By Larry Cicchiello
If you don't know anything about an opposing pitcher, watch him closely and you may possibly get to know a lot about him very quickly. Beating the pitcher is plain and simply, a battle.
Pay attention to what he does well and what he does NOT do well.
You may know this before he takes the mound that day and if not, you can certainly learn much about him by watching him for an inning or so. Sometimes you can learn a lot after only one batter.
Good pitchers will stay awake at night trying to figure out how to get good hitters out.
Just like the pitcher is looking for your strengths and weaknesses as a hitter, you too better be looking for his strengths and weaknesses!
Pitchers at higher levels of play use pitching charts to get to know tendencies that hitters have. Why can't you, as a hitter, at least keep a mental chart of the pitcher's tendencies?
Some Very Important Things You Should Be Looking For
Look for where his release point is. Quite often pitchers have different release points for different pitches and you may know what pitch he's throwing before he releases the ball.
Time his pitches with your swing. You should have a good idea as to how fast the pitcher is before you face him.
Is the pitcher always throwing a first pitch fast ball all the time?
Does he lean back more toward second base to get some extra speed on his fast ball?
Does he slow down his windup at the last second when he's throwing a change up?
On the other hand, does he speed up his windup too much when throwing a change up because he is trying too hard to disguise it?
Does he always throw the curve ball with 2 strikes?
Is the first pitch to each batter too "fat" and an easy pitch to hit?
Is the pitcher always throwing a breaking ball after he shakes off his catcher's signal? (This tells you the catcher is not ever putting down the breaking ball as his first signal and then when the pitcher shakes off the catcher, you know the pitch will be his breaking ball)
Does the pitcher raise his front shoulder higher when throwing the fastball to try to throw it faster?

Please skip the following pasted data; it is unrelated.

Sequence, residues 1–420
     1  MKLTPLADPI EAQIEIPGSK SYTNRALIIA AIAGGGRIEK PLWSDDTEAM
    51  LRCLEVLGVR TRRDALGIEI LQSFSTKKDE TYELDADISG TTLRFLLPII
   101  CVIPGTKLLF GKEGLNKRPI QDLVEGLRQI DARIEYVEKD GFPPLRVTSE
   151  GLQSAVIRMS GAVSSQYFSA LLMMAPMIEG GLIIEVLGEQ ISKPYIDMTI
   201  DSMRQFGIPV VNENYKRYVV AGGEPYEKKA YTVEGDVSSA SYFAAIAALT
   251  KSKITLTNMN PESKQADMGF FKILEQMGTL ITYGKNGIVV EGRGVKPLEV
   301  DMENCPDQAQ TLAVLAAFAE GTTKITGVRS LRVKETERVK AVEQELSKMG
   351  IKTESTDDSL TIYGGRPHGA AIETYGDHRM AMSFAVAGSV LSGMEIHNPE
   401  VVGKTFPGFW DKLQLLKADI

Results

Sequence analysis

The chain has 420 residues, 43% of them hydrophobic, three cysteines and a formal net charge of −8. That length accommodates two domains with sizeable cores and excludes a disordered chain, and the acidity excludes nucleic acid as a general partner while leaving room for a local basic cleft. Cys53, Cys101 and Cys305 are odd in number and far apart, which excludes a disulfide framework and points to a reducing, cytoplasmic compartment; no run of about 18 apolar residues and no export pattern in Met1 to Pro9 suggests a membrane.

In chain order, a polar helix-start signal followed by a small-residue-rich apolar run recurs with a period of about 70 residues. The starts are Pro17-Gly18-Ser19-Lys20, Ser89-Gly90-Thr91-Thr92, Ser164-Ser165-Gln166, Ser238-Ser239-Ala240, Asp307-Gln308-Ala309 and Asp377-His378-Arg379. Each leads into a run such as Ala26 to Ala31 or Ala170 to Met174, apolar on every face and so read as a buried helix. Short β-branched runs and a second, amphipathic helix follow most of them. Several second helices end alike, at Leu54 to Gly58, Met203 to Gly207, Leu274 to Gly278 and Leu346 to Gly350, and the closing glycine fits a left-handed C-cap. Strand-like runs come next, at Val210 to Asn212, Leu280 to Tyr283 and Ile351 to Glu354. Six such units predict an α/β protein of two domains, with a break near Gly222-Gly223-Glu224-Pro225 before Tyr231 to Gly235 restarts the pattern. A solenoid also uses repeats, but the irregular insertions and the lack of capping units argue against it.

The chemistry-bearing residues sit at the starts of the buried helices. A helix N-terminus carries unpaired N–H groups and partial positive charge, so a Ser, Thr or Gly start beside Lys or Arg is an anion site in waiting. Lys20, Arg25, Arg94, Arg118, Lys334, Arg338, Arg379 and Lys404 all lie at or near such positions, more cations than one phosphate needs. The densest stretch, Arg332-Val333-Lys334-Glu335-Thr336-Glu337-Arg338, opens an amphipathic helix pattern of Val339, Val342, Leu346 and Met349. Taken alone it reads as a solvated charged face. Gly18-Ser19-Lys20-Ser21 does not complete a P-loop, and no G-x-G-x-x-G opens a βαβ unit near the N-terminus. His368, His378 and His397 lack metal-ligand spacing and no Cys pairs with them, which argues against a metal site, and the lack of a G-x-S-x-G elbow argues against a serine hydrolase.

Is he ALWAYS pitching low and away and not using both sides of the plate by occasionally coming inside?
Does he drop his arm slot down a little to get more lateral movement on his breaking ball?
If you're serious about being a successful baseball hitter, you have to be thinking all the time.
While on the bench, sit next to a very good hitter and talk about the opposing pitcher throughout the game.
Baseball hitting is tough so try to get every possible advantage. Of the hundreds of baseball tips on hitting you may hear about, keep this one near the top of your list. It's not a complicated technique but merely requires you to be observant.
Remember, the pitcher is thinking of anything and everything he can do to get you out.
As a baseball hitter, you should be thinking of anything and everything you can do to have a successful at bat.
You will be very pleased with yourself if you have observed that the pitcher has started five straight hitters off with a first pitch fast ball. Then you get up, see a first pitch fast ball, and hit a seed into one of the gaps!
Even if you do not know anything at all about a pitcher, you can learn his strengths, weaknesses and overall tendencies VERY QUICKLY!
Beating the pitcher requires clever use of your mind as well as your body.
The pitcher is using both his brain and his arm to beat you and you must do the same if you truly want to be a successful baseball hitter.
Larry Cicchiello is the author of the very informative book "Excellent Baseball Coaching:30 Seconds Away." He is unique in that his site offers visitors several FREE TIPS that are straight from his book. Baseball tips on hitting, baseball pitching tips, baseball fielding tips, baseball coaching drills, base running tips, baseball coaching drills and more. Your baseball "help desk" will be open 7 days a week, 24 hours a day, 365 days a year and very user friendly. Larry invites you to check out his FREE TIPS and then you can decide if Larry is a pretender or a very serious contender. Very shortly, you will be raising a few eyebrows!
You can visit his website at http://www.larrybaseball.com/
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